Hilton Thorpe comments on Thyspunt Work Groups
Following yesterdy’s post on the Thyspunt Work Groups to be established to help prepare the Kouga municipal area for the construction of a nuclear plant at Thyspunt, local anti-Thyspunt activist activist Hilton Thorpe posted the following comment which some may not have seen so it seems worth reprodicng as a post on its own.
Here is Hilton.s comment but one wonders if the Government would pay attention to the National Nuclear Regulator if they were to rule the site iand the proposed technology, unacceptable such is their determination to develop Thyspunt.
“Everything about the Thyspunt proposal is flawed, from the original site selection under apartheid restrictions to disregard of the Review by the CSIR in 1992, which concluded that the site was not suitable for development; to ignoring of the argument from the local community in 1998 that the site is not viable in terms of international emergency planning requirements; to the Scoping Report, which should have been rejected by the DEA in terms of NEMA requirements for failure to contain material information required; to the “co-operation agreement between the DEA & the Department of Energy, leaving the DoE in charge of nuclear issues, and effectively putting to sleep the viability issue until Eskom has applied to the NNR for a technology licence, which has still not happened; to the proposal by Eskom to apply for a reduction in emergency planning to 3 kilometres around the site, in terms of European Utility Requirements, which have been described by an English nuclear scientist as a “fiction” and only a wish-list; to the multiplicity of flawed draft environmental impact reports; to the flawed impact rating criteria, which made it impossible to have a “fatal flaw”; to the separate, and equally flawed transmission lines EIA, which based its recommendation on “national interest”, rather than environmental considerations; to the fatally flawed Final Environmental Impact Report. No wonder it is taking the DEA so long to come to a decision!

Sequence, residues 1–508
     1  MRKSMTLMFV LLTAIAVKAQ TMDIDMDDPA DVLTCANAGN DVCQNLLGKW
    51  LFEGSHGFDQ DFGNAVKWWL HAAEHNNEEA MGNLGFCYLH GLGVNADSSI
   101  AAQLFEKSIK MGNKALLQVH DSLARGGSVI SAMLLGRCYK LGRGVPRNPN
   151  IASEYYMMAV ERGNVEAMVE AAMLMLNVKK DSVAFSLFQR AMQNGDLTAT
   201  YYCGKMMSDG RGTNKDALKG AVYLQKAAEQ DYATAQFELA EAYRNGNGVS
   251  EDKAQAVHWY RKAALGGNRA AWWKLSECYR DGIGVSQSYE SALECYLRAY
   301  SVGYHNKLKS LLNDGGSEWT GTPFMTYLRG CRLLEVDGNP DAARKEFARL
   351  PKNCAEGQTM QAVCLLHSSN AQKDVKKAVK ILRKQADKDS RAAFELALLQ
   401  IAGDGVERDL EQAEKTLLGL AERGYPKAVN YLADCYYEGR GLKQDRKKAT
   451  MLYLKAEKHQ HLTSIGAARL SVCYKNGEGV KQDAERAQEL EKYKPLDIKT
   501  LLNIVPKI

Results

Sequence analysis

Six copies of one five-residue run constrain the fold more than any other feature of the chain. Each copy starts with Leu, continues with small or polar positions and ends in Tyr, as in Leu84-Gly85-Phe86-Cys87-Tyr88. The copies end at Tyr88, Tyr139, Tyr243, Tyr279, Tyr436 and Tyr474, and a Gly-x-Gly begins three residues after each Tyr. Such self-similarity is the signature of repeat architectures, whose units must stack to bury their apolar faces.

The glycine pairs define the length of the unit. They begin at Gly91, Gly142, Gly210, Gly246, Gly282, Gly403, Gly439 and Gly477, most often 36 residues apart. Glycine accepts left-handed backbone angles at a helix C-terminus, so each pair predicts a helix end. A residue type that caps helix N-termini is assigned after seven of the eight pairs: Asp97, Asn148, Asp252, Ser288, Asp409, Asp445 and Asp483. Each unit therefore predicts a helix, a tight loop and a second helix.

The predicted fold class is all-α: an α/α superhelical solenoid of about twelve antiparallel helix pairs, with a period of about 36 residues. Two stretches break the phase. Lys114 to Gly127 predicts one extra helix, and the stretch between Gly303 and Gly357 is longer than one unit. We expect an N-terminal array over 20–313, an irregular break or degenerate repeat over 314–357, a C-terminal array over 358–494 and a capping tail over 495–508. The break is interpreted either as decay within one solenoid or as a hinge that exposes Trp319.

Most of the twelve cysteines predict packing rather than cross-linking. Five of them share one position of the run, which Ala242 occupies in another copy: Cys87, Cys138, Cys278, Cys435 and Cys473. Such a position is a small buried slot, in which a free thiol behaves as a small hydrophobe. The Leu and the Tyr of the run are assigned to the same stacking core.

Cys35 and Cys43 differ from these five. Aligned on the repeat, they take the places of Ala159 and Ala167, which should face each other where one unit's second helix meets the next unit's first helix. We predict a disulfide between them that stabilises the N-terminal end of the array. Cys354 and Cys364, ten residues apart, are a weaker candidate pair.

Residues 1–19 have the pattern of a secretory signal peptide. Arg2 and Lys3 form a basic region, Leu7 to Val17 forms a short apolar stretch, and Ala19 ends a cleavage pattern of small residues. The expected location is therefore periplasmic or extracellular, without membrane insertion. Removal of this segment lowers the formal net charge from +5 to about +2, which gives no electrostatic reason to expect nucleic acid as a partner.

To-date, Eskom has done everything at risk, on the assumption that the EIA & Regulatory processes will go smoothly.
We can shortly expect the process by the National Nuclear Regulator, to determine whether or not both the site itself, and the proposed technology, are acceptable in terms of the Nuclear Regulator Act & Regulations. An immediate problem with this is that South Africa is a signatory to the International Atomic Energy Agency Convention, which demands that the Regulator must be independent of both political and commercial pressure. This will be difficult to justify in the light of recent political developments in the country,and of the fact that Eskom will be financing the process.
The St Francis community should be aware of the probable social impact of the project going ahead. When the Mosgas project began it is said that 100000 unemployed people converged on the town looking for work. Mossel Bay is now a large town, with a huge unemployment problem. Much the same applies to Lephalale, following the Medupi project. This can only lead to land invasion, and all the social pathologies associated with informal settlements.
Eskom’s behaviour so far has been irresponsible, and there is no reason to assume that it will change. It may be necessary to go to court to stop this.”